Post-Exam Thoughts: GCSE English Language (Higher) – 29 May 2012

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For me, my Language exam was the one I was feeling most confident about – only ever so quietly, mind, but confident all the same. In both of the two mock exams I did of this new-style Language paper, I scored A*s, and though it would be foolish to do no further revision, all that one can really do in preparation for this paper is go over comments made by the person who marked those practice papers.

SAY WHAT: This paper was about Language, predominantly in news articles and books.

 

However, I am disappointed with how I think I actually performed this morning in the Language paper. Unlike my classmate Jack, who last night in an uncensored tweet wrote: “F**k 6, 5, 4, 2, 3, 1. I’m going to do the questions (drum roll) IN ORDER”, I did complete the questions in the non-consecutive order that teachers had suggested. This meant that I gave myself plenty (perhaps too much) time to answer the second section (which I’ve done better on on both past papers), but much too little time to write a response for the first four questions that make up the first section.

We were shown extracts from RNLI’s Lifeboat magazine (about the organisation’s Beach to City programme), an abridged version of a Guardian news article about the widely-reported rescue of the Chilean miners (amazingly that was way back in 2010, just as I was beginning the GCSE English course), and an extract from, I think, the 1974 book Alive: The Story of the Andes Survivors.

On seeing the sources, I knew that the questions for creative responses would be something about survival or difficult situations, and sure enough, Question 5 required us to write a ‘blog’ about a time we felt unsure or uncertain about something. The problem for me is that I’ve always been quite fortunate, rarely ever finding myself in such situations. I knew the vast majority of the country would write about changing schools, but I really didn’t want to do that because I’d been told to try and make my answer stand out where possible. Instead a wrote about Frederick Agombar, and how I was unsure about whether to jump aboard his ‘magical mystery tour’ of Norfolk while in Norwich a few weeks ago.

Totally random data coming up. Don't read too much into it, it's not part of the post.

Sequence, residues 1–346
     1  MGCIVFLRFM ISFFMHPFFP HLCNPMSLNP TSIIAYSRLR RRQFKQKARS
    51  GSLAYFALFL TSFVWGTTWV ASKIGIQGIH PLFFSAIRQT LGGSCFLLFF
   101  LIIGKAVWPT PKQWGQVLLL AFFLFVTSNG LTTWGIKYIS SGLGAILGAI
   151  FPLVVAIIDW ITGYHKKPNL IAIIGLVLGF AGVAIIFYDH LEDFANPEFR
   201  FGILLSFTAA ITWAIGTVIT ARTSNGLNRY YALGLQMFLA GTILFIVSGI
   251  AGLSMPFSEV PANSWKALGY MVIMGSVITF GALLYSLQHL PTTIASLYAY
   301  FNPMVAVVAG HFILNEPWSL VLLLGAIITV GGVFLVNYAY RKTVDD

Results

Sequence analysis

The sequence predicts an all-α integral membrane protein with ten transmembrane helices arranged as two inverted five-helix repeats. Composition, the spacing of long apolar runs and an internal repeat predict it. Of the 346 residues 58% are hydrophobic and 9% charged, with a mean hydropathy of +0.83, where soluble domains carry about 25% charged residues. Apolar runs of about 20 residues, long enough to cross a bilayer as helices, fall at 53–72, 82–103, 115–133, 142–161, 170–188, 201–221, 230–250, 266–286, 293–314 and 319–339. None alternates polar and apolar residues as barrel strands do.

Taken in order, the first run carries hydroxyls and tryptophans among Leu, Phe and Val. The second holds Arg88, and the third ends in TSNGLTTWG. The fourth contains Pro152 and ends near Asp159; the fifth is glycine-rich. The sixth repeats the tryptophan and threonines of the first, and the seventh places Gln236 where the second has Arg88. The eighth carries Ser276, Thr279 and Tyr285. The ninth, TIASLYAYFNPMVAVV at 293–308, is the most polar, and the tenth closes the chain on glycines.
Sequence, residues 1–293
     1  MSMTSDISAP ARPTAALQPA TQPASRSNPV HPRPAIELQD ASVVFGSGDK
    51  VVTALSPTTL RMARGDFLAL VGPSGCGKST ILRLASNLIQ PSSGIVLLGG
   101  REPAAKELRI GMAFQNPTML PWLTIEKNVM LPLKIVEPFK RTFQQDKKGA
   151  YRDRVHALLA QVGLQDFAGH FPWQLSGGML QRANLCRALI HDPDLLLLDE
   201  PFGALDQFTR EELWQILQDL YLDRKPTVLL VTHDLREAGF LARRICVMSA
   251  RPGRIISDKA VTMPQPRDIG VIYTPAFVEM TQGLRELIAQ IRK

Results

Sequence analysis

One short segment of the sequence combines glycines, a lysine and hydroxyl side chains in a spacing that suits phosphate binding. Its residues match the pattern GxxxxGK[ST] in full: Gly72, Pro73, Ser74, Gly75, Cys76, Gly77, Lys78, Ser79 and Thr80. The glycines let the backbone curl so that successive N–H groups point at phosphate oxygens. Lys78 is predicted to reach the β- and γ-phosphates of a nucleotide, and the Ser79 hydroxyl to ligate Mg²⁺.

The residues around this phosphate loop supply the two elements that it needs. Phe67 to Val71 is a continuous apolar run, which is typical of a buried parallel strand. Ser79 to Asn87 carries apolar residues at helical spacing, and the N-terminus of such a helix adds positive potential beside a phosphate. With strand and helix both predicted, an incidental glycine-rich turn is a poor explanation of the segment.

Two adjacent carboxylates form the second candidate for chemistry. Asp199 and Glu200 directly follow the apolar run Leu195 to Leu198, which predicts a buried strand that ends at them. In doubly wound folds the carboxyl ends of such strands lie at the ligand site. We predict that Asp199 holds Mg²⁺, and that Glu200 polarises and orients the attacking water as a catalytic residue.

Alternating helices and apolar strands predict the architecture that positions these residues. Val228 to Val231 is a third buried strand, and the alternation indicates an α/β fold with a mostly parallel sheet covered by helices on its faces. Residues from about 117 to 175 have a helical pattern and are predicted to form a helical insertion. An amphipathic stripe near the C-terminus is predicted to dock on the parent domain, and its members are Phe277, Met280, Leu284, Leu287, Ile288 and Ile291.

My Question 6 (the heaviest weighted question in the exam) answer was less abstract, and when it asked about my opinion of what makes a good role model, I wrote about the drowning of the man who rescued two children in West Wittering last weekend, and about the many unsung heroes who work tireless, without praise, every day.

Sadly, I ran out of time to finish the first four questions to a degree that I’d have wanted to, and this left me quite down after I left the exam hall. I’ll have to wait and see, though, how I’ve actually done.

Andrew Burdett

Andrew Burdett is a 20-year-old from Maidenhead in Berkshire. A self-professed "lover of life", he enjoys a busy calendar of activities and engagements. With regular involvement in the Scout Association and his church, he was made Head Boy in his final year at school. After a gap-year spent as a Teaching Assistant at a local junior school, he is now half-way through his Journalism Studies degree at the University of Sheffield. In his spare time, he swims, reads, and enjoys writing about himself in the third-person.